MH Daily Bulletin: August 17

August 17, 2022 • Posted in Daily Bulletin

News relevant to the plastics industry:

At M. Holland

  • The U.S. reinstated the Superfund Excise Tax on July 1, 2022. It applies to chemicals and substances commonly used in the plastics industry. How is it impacting producers, distributors, importers and processors? Click here to read more.
  • M. Holland Company has appointed Ton Koenders as its inaugural director of sales for Europe to support international growth and address customer needs in Europe. Click here to read the press release.
  • M. Holland’s 3D Printing group offers a rapid response alternative for producing selected parts where resin availability is tight. For more information, email our 3D Printing team.
  • Market Expertise: M. Holland offers a host of resources to clients, prospects and suppliers across nine strategic markets.

Supply

  • Oil prices fell 3% Tuesday to their lowest level since before Russia’s invasion of Ukraine, with WTI settling below $87/bbl.
  • In mid-day trading today, WTI futures were up 0.8% at $87.23/bbl, Brent was up 0.4% at $92.74/bbl, and U.S. natural gas was down 0.6% at $9.27/MMBtu. U.S. natural gas has risen 70% since the end of June.
  • The American Petroleum Institute reported a larger-than-expected crude draw of 448,000 barrels this week after another release from U.S. strategic reserves. Government data is due today. 
  • Barclays cut its Brent price forecasts by $8/bbl for this year and next on forecasts for a large surplus of crude in the near-term due to resilient Russian supplies. 
  • Exports of crude oil and condensates from Latin America, excluding Venezuela, have dropped from July highs as more countries use crude in their domestic refineries
  • U.S. shale producers could lose over $10 billion from derivative hedging losses this year if oil prices remain around $100/bbl, according to Rystad.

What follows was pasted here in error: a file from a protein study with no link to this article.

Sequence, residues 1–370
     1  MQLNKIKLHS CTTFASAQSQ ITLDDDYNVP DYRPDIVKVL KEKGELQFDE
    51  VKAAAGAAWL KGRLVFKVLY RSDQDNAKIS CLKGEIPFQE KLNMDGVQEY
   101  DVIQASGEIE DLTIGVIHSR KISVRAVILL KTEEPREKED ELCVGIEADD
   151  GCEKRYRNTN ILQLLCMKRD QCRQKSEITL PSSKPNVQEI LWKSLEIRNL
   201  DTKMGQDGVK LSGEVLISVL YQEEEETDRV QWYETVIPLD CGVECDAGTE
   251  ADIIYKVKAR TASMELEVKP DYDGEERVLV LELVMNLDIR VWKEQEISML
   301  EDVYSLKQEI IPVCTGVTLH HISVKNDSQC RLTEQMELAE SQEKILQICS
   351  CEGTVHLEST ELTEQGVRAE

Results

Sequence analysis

• Renewables accounted for 20% of U.S. electricity generation in both 2020 and 2021 but are expected to rise to a greater share of the overall energy mix this year and next:
EIA expects renewables to account for 22% of U.S. electricity generation in 2022
  • More oil news related to the war in Europe:
    • European natural gas prices settled near all-time highs Tuesday as scorching heat triggered unusually high demand. Russia claims prices could surge an additional 60% by winter.
    • German power prices are up 500% the past year, driven largely by Russia’s moves to slash gas supply.
    • A second shipment of crude from a U.S. Gulf of Mexico offshore field has sailed for Germany, as European refiners test potential replacements for Russian oil. Similarly, the U.K. is about to receive LNG from Australia for the first time in at least six years. 
    • Germany will soon begin LNG imports at two new floating gas terminals as a short-term method of boosting supplies before winter.
    • Gazprom says its natural gas exports slumped 36.2% year-to-date after deliveries to Europe plummeted. 
    • Germany plans to postpone closing its last three nuclear power plants as it braces for an energy shortage this winter. The shortage could force energy rationing even if gas stockpiles are built to planned targets by November, according to officials. 
  • Santos, one of Australia’s largest energy companies, plans to proceed with the $2.6 billion development of a large oil field in Alaska which could produce up to 80,000 bpd by 2026. 
  • Venezuela is starting to export larger volumes of petcoke as more countries scramble for inexpensive fuel to power industries. 
  • A South African coal producer plans to invest $730 million to build a 450 MW wind farm to kickstart its foray into renewable energy. 

Supply Chain

  • Extreme drought will force several states in the U.S. West to reduce water use from the Colorado River next year, according to federal officials, who yesterday lowered its condition to a Tier 2 water shortage.